What do Karen O, Passion Pit and Robert Smith Have in Common? They All Really Want You to See the New Tim Burton Movie
The new Tim Burton movie, Frankenweenie, comes out this week. It's about a boy and a zombie dog, and actually our reviewer says it's a damn good time.
Robert Smith (featured on the Frankenweenie soundtrack) as a boy.
But more than the movie itself, we are intrigued by the two-pack promo mailer we got here at RFT Music HQ from Disney yesterday. It features the soundtrack, which was composed by the legendary Danny Elfman. And it includes something called Frankenweenie Unleashed, which contains a dozen-plus songs by wildly disparte pop artists. The strange part? Almost none of those songs actually appear in the movie.
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Frankenweenie Unleashed Tracklist:
01 Karen O - "Strange Love"
02 Neon Trees - "Electric Heart (Stay Forever)"
03 Mark Foster - "Polartropic (You Don't Understand Me)"
04 Passion Pit - "Almost There"
05 Plain White T's - "Pet Sematary"
06 Kimbra - "With My Hands"
07 AWOLNATION - "Everybody's Got a Secret"
08 Kerli - "Immortal"
09 Grace Potter feat. the Flaming Lips - "My Mechanical Friend"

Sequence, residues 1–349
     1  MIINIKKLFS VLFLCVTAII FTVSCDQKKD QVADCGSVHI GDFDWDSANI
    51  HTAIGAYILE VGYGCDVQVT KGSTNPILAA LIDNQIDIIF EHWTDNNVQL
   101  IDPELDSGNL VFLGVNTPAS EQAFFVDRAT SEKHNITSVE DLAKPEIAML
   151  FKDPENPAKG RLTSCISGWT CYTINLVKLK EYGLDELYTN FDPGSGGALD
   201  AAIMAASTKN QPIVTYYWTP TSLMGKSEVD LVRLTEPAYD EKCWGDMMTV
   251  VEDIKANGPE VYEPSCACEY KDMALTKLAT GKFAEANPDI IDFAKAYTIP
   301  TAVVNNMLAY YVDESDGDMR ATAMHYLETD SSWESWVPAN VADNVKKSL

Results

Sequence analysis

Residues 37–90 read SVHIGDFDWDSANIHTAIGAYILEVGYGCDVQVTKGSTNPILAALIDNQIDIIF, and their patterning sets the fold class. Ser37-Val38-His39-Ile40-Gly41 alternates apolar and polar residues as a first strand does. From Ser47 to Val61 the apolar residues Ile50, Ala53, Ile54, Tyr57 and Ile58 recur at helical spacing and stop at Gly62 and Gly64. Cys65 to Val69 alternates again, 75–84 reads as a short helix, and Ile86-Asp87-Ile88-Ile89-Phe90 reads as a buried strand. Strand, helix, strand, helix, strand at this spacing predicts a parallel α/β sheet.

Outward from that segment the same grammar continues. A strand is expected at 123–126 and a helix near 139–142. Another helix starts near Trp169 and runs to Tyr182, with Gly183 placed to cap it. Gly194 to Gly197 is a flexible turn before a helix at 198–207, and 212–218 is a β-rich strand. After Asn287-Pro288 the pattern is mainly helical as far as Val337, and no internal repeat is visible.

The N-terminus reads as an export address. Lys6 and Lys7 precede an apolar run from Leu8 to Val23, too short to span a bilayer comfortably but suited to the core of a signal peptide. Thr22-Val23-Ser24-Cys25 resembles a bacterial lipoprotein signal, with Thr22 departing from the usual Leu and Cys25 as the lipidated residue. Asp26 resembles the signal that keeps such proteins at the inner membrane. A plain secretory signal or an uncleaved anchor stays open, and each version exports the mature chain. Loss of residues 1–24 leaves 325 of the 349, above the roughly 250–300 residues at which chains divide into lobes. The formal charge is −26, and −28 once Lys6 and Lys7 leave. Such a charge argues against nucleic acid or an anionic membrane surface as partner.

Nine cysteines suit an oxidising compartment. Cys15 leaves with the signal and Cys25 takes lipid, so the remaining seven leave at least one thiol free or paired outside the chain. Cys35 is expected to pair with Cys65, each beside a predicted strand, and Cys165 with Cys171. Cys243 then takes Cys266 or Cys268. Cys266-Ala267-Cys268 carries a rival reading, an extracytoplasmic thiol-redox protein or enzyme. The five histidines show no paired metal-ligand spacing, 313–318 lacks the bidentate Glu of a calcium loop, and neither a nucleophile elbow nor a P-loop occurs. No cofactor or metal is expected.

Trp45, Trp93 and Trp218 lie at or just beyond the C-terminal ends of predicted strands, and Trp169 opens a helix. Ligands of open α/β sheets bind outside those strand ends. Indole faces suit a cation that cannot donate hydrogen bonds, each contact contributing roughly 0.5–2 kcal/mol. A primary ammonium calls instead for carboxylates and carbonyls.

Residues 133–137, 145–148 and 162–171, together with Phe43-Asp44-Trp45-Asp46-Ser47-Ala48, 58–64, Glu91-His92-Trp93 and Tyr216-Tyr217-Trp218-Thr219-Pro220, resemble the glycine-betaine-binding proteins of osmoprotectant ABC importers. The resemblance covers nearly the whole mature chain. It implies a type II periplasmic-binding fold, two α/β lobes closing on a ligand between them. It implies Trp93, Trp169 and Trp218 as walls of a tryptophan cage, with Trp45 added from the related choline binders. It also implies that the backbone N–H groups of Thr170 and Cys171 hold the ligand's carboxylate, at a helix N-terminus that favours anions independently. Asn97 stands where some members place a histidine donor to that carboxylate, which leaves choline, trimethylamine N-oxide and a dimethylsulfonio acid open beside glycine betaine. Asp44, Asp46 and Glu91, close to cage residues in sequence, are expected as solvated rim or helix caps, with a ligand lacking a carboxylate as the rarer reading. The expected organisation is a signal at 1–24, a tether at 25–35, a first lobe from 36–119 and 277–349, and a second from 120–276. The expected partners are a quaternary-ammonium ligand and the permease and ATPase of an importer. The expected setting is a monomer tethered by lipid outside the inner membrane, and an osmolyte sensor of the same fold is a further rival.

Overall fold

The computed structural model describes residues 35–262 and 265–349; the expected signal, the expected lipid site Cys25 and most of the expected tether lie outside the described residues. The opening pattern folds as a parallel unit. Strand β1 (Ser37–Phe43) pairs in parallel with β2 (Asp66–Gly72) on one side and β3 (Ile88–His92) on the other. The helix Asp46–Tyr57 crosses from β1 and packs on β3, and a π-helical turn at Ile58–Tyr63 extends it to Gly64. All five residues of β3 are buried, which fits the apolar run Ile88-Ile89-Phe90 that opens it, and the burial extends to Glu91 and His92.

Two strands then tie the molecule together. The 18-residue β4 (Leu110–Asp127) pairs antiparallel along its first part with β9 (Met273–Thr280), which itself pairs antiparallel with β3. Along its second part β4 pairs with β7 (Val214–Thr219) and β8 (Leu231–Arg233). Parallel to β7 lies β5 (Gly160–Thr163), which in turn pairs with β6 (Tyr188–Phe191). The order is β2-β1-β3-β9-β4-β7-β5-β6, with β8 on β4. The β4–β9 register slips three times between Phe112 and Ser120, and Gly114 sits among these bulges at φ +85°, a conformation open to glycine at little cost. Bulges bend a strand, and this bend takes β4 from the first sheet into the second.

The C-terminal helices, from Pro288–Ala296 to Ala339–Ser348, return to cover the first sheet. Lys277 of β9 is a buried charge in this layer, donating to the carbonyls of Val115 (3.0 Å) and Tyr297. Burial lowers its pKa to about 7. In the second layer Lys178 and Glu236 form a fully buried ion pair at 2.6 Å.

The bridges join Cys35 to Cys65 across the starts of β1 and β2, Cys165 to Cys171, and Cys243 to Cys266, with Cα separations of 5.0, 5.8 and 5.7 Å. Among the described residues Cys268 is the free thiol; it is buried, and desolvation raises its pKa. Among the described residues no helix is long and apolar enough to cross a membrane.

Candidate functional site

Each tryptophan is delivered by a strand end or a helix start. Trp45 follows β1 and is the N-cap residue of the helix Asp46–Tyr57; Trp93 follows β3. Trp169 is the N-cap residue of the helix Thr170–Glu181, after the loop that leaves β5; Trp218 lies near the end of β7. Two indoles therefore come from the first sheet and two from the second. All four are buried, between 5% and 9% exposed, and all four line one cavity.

10 Imagine Dragons - "Lost Cause"
11 Grouplove - "Underground"
12 Skylar Grey - "Building a Monster"
13 Robert Smith - "Witchcraft"
14 Winona Ryder - "Praise Be New Holland"
15 Frank lero - "This Song Is a Curse"
16 The Royal Concept - "Lost in You"
This is hardly a new practice. Big studios have been commissioning tangential music for years now. You're kidding yourself if you think Jay-Z's American Gangster wasn't inspired at least as much in the offices of Universal as it was by him watching the film. And kids movies, in particular, have made the "inspired by" album practically an art form, putting together a group of artists that appeals to the widest demographic possible (I don't know what kind of music you like if you don't have at least a passing interest in one of the seventeen artists featured on Frankenweenie Unleashed soundtrack).
It's happening because musicians, no longer able to make a living selling their product directly to fans, are encountering marketing departments willing to make investments in credibility. For the corporations, it's a longer, more subtle strategy than simply cramming the movie/product/service in front of your face as often as possible, but it's also an increasingly cheaper one. Buying an audience directly is getting really challenging because we all have so many different ways of consuming media, and most of them are fleeting.